Michelangelo used this marble for his statues, but not just that: true Renaissance genius, combining intellectual with manual work, he worked in the marble quarries, designed the road from the marble quarries in the mountains to the sea, supervised the building of the road and laboured as a navvy.
This is Tuscany, after all, and Viareggio is in close vicinity to cities of art of international renown liked Pisa, Lucca and Florence.
There’s no shortage of hotels in the Versilia Riviera, from the splendid Grand Hotel Royal which has always been a landmark in Viareggio to the many small B&Bs that line the coast of Lido di Camaiore and Marina di Pietrasanta, to the luxury accommodation of Forte dei Marmi. There are plenty of holiday apartments everywhere, too; and some hotels offer apartments as well as rooms and suites.
Another cosmopolitan holiday hotspot in Italy is the area of the Sorrento Peninsula and the Amalfi Coast, on the southern Tyrrhenian Sea, near the city of Naples.
In the town of Sorrento it’s easy to find apartments as well as hotels, in the city centre by the sea and on the hills and promontories overlooking it and commanding great, amazing views. Guest houses, pensions, residences compete with the swimming pools of hotels with panoramas stretching from the Mount Vesuvius – the volcano whose eruption destroyed the Roman city of Pompeii, a site unique in the world which you can visit – to embrace the whole of the magnificent Bay of Naples.
On the Amalfi Coast, the town of Amalfi itself boasts 5-star super-luxury hotels with vertical views over the sea or dominating from the top breathtaking vistas of the Bay of Amalfi and Gulf of Salerno. You can find accommodation in elegant buildings among greenery, lemon groves and wild flowers, as well as in the main square of Amalfi, 100 yards from the harbour.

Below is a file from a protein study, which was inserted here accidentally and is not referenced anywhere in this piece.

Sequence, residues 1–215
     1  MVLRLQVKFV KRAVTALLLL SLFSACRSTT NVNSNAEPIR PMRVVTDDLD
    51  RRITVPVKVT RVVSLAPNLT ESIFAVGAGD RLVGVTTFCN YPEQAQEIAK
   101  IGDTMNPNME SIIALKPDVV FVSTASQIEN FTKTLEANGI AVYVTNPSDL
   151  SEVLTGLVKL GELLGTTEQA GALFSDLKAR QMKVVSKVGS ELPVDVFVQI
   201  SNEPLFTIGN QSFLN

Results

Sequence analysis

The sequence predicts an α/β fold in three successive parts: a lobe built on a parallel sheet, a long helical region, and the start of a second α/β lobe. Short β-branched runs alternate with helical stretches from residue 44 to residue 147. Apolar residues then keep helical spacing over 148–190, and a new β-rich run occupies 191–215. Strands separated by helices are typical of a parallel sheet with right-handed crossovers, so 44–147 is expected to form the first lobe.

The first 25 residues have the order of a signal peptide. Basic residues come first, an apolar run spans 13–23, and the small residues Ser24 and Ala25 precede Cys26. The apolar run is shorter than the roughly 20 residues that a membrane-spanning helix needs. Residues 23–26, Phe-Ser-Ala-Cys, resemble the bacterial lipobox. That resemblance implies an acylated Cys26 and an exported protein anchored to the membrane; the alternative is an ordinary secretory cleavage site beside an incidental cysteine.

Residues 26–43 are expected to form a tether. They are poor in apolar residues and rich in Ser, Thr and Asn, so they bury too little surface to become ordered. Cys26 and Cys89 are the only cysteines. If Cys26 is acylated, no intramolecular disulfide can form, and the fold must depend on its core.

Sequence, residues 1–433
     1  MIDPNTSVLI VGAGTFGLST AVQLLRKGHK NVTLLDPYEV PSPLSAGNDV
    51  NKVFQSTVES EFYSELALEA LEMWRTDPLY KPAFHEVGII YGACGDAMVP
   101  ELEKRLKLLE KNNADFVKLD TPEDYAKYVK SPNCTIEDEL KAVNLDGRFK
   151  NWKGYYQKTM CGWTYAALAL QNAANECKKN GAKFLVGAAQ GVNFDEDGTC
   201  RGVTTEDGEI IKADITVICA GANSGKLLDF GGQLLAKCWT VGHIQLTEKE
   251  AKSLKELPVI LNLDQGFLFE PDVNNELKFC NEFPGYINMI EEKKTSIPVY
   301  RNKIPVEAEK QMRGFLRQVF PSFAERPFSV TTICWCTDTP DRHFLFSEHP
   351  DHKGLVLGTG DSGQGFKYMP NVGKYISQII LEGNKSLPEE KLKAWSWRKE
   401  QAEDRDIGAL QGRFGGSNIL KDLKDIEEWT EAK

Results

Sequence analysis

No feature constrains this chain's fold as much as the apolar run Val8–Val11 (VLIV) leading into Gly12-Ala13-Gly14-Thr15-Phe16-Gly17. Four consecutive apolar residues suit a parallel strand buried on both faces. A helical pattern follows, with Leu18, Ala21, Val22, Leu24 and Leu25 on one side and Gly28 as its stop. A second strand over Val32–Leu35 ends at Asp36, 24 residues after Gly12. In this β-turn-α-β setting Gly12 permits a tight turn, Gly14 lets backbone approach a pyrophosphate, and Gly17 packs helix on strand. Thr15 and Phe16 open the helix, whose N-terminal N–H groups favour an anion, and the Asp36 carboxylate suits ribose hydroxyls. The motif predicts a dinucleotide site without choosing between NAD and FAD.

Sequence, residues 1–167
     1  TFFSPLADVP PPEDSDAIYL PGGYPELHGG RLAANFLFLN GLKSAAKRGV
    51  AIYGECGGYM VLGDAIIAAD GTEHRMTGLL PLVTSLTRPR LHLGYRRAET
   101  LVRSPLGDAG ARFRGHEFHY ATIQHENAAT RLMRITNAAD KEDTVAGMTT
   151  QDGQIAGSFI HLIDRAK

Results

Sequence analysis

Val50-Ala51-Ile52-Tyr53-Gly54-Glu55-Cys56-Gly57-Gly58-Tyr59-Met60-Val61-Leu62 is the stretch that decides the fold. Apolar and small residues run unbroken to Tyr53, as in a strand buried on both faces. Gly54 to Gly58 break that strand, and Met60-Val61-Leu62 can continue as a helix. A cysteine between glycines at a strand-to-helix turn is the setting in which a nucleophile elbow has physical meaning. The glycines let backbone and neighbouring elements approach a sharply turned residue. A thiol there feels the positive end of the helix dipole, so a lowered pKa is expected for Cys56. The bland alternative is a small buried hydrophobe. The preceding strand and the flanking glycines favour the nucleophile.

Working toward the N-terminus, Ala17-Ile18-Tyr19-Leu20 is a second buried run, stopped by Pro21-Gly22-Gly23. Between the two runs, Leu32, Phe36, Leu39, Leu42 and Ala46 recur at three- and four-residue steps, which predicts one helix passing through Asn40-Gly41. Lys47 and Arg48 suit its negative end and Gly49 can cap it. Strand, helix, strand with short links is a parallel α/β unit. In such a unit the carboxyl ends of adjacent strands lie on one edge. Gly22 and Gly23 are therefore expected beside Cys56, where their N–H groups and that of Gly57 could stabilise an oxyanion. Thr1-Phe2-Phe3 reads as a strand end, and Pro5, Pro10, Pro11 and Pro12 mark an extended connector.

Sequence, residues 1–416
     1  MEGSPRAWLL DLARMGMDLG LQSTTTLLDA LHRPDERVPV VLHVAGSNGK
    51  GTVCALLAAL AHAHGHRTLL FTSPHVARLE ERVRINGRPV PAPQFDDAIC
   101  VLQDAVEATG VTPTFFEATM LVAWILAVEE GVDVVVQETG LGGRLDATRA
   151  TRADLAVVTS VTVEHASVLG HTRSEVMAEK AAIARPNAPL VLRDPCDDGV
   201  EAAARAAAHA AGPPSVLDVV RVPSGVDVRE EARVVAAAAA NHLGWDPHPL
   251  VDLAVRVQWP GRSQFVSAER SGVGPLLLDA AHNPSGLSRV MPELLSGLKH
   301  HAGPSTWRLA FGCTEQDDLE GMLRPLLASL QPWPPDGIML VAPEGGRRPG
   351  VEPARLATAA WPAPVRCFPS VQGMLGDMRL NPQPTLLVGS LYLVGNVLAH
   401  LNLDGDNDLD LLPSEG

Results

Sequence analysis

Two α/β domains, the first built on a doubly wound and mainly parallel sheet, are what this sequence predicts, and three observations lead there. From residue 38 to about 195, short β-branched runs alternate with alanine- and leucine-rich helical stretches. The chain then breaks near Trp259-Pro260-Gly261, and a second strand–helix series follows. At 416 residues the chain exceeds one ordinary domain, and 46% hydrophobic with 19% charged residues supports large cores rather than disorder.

Positano, called the “jewel of the Amalfi Coast”, is carved on a mountainside and is made up of many terraces and flights of steps descending from the top of the village on a hill all the way down to the beaches.
Villas in pastel colours cling to the hillside, in Positano’s traditional style of graceful archways. Hotels have balconies, solariums and restaurant terraces adorned with bougainvilleas and offering heavenly sea views looking out to the horizon.
In the large Bay of Naples are the islands of Capri, off the tip of the Sorrento Peninsula, and Ischia, on the other side of the bay.
The world-famous Capri hardly needs any presentation, except to say that, besides the fashionable and expensive town of Capri, the island is also home to the less celebrated by equally beautiful town of Anacapri, whose hotels and villas are much more affordable.
The island of Ischia has 6 towns, many lovely beaches, enchanting scenery, and a very ancient castle, one of Italy’s most peculiar castles, built on a small island of volcanic rock near the coast.
Ischia is particularly important for its spas. Its hot springs, rich in minerals, have been tapped for 2,000 years, being beneficial to both health and beauty.
In some of its hotels you’ll find swimming pools with thermal water from hot springs and with jet stream massage, heated water and Jacuzzi, spa & wellness centres, but also solarium terraces with views of the sea from which the great mass of the Aragonese Castle emerges.